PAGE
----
Articles Posted in DWI/Criminal

Elba Ayala, a 43-year-old Shirley resident, was arrested over the Fourth of July weekend for allegedly driving drunk with five children in her car. The children ranged in age from seven months to eight-years-old. Another adult was also a passenger in the vehicle. Ayala was charged with one count of driving while intoxicated. Under Leandra’s Law, she was also charged with one count of driving while intoxicated with a child passenger 15 years old or younger, and five counts of endangering the welfare of a child. If convicted of the top charge, a class E felony, Ayala could be sentenced up to four years in prison.

dwi.jpgAccording to police officials, the Suffolk County Highway Patrol Selective Alcohol Fatality Enforcement Team (SAFE-T), in conjunction with the Suffolk County Parks Police, were working at a sobriety checkpoint off of the William Floyd Parkway near Smith Point County Park on July 6, 2014. As Ayala approached the checkpoint in her 2010 Nissan Altima, she attempted to evade officials and did not stop her vehicle. However, police pulled Ayala over a short time later and determined that she was impaired. Ayala was arrested and transported to the Seventh Precinct. No injuries were reported as a result of the incident.

Over the holiday weekend, 1,077 cars went through the sobriety checkpoint. Including Ayala, five people were arrested for DWI as a result of the heightened enforcement efforts of police over the holiday weekend.

Thomas Stavola, a 54-year-old cardiologist, was arrested and charged with a DWI in June 2014 after he crashed into a vehicle driven by Monica Peterman, a 45-year-old mother of three. Peterman was taken by ambulance to St. Catherine of Siena Medical Center, where she was pronounced dead. Stavola was taken to Stony Brook University Hospital where he was treated for minor injuries.

er1.jpgAccording to police officials, Peterman worked as a dialysis technician at St. Catherine of Siena, the same hospital where she was taken after her fatal accident. While heading to work at 4:00 a.m., Peterman was traveling westbound on East Main Street in Smithtown. Stavola, a cardiologist at Stony Brook Community Medical P.C., was traveling north on Route 111 when he hit the driver’s side of Peterman’s vehicle at an intersection. Police arrested Stavola and charged him with DWI.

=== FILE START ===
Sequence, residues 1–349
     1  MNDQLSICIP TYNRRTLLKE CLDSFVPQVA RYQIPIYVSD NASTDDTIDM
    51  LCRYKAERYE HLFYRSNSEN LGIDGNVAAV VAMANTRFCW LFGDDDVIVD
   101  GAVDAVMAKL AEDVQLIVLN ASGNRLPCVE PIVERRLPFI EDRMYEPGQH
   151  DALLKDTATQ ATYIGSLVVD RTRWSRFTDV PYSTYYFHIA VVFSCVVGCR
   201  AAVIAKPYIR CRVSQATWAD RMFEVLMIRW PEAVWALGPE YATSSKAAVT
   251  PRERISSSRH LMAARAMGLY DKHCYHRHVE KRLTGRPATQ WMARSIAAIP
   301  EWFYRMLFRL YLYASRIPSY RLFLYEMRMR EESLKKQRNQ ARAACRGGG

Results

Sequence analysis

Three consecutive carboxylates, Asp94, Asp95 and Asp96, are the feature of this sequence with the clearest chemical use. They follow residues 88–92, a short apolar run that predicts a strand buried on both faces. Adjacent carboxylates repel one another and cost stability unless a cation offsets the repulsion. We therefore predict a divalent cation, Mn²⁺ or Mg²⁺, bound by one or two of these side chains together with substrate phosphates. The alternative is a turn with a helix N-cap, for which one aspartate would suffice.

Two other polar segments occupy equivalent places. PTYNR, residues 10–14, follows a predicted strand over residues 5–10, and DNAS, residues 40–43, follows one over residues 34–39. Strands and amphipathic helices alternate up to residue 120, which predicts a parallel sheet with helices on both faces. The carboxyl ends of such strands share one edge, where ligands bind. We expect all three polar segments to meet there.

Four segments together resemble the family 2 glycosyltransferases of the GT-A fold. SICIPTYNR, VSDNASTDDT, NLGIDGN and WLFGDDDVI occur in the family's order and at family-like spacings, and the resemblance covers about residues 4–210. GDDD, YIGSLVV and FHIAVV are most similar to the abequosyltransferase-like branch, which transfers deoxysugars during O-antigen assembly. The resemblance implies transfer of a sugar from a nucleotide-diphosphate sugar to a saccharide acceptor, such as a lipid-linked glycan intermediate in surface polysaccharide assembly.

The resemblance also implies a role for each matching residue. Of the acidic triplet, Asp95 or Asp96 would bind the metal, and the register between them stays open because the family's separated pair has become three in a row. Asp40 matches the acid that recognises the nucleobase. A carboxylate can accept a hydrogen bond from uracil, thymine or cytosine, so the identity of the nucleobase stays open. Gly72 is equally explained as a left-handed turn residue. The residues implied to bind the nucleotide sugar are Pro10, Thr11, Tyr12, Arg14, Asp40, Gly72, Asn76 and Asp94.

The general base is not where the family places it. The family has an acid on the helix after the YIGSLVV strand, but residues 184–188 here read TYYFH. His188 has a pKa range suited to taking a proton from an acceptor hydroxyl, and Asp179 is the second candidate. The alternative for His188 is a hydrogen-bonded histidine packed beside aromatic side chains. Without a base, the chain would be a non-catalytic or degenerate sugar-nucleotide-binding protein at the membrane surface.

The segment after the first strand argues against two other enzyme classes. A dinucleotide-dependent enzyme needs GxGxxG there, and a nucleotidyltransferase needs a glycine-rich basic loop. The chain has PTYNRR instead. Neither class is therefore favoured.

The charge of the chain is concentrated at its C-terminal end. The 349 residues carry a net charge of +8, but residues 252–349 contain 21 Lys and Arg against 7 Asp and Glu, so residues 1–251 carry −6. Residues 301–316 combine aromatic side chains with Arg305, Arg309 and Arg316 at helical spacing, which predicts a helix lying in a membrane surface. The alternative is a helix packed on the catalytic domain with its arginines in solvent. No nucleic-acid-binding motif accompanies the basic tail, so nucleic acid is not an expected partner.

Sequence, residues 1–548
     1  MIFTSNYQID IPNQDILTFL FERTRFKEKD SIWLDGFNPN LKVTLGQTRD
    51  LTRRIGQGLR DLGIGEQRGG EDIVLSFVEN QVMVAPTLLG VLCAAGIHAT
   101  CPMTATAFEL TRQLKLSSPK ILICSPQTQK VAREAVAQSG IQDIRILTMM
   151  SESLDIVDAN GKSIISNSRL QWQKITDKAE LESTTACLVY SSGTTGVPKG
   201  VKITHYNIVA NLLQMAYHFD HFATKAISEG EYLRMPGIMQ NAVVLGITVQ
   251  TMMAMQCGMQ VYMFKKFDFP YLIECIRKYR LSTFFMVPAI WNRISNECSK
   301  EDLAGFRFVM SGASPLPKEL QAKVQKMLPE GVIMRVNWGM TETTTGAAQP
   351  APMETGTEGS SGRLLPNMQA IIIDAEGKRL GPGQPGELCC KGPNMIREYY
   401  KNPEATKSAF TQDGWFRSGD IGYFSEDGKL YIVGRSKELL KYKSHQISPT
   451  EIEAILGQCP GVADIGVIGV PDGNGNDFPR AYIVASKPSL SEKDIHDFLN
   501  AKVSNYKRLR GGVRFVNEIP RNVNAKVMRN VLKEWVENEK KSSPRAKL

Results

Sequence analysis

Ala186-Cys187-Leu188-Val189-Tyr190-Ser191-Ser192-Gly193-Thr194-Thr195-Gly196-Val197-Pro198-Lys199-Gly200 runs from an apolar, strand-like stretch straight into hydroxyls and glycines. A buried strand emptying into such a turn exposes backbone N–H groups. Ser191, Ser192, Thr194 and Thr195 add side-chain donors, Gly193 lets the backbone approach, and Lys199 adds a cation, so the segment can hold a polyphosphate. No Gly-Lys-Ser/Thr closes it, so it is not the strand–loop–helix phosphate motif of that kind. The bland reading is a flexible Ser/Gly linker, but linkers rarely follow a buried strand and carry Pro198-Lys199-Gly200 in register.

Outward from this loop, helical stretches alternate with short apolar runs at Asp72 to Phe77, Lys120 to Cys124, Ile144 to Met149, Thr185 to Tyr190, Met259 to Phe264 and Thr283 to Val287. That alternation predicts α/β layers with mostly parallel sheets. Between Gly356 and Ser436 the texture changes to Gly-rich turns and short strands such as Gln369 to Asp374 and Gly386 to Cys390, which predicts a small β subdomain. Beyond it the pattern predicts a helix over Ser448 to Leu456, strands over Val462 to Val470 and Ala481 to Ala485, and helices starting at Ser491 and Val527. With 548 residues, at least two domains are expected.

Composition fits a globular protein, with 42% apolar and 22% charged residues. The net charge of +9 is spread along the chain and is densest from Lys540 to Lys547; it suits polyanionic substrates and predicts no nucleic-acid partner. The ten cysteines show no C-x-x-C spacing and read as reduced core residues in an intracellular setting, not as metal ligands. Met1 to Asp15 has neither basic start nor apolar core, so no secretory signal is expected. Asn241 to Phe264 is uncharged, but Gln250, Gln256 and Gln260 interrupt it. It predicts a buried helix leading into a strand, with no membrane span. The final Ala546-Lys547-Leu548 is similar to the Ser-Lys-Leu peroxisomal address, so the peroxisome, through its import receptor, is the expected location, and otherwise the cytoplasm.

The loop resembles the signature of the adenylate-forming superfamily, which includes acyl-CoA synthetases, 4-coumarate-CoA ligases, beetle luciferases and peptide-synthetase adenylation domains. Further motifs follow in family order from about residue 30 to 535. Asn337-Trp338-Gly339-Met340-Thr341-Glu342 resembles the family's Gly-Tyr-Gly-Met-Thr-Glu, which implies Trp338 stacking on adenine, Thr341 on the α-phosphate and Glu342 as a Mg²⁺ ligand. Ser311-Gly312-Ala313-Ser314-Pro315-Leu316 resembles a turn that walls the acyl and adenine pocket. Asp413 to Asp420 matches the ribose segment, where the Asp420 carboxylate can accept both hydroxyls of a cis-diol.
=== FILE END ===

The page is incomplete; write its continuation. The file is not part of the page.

Peterman’s family members stated that she was very close to receiving her nursing degree. Bryan Greaves, 25, one of Peter’s three sons, remarked, “My mother, she enjoyed helping people. Whether it was on the job or outside of the job, she just helped everyone.” Besides her three sons, Peterman also left behind a husband.

Suffolk County District Attorney Thomas Spota called upon Albany lawmakers in June 2014 to toughen the penalties for hit-and-run drivers. Spota stated that many drivers who are drunk or impaired by drugs often flee the scene of accidents because they know that hit-and-run penalties are not as severe as sentences for DWI charges. Spota remarked, “A drunk or drug impaired driver who kills someone may face up to 25 years in prison. But fleeing the accident scene allows the wrongdoer a chance to sober up, and under the current law, any driver guilty of a hit-and-run faces a maximum prison sentence of seven years–even when someone dies or even if the defendant has a prior felony record.”

gavel2.jpgSpota’s remarks came the day before an Eastport man, Peter Torrillo, a married 48-year-old man with four children, received a sentence of 28 months to seven years after leaving the scene of an accident that killed a young mother and seriously injured her passenger. On November 2, 2013, Torrillo was driving on Montauk Highway in Eastport when he hit Erika Strebel, 27, and Edward Barton, 26. Strebel and Burton were pulled over on the side of the road to fill up their jeep which had run out of gas. Strebel, a mother of a 5-year-old boy, was rushed to Peconic Bay Medical Center, where she was pronounced dead a short time later. Burton was airlifted to another hospital for sustaining serious injuries that have left him in a wheelchair.

According to prosecutors, Torrillo, who was convicted of driving while ability impaired in 2012, knowingly fled the scene of the fatal accident. When Torrillo got home, he showered, shaved and headed back out to a local bar. While driving to the bar, Torrillo passed the scene of the accident. The next day, he took his car to a repair shop in Queens in an attempt to cover up the crime. Relying on a witness who saw Torrillo flee the scene, investigators were able to match paint chips left at the accident with paint on Torrillo’s repaired car. Three weeks after the accident, he was arrested and charged with a fatal hit-and-run.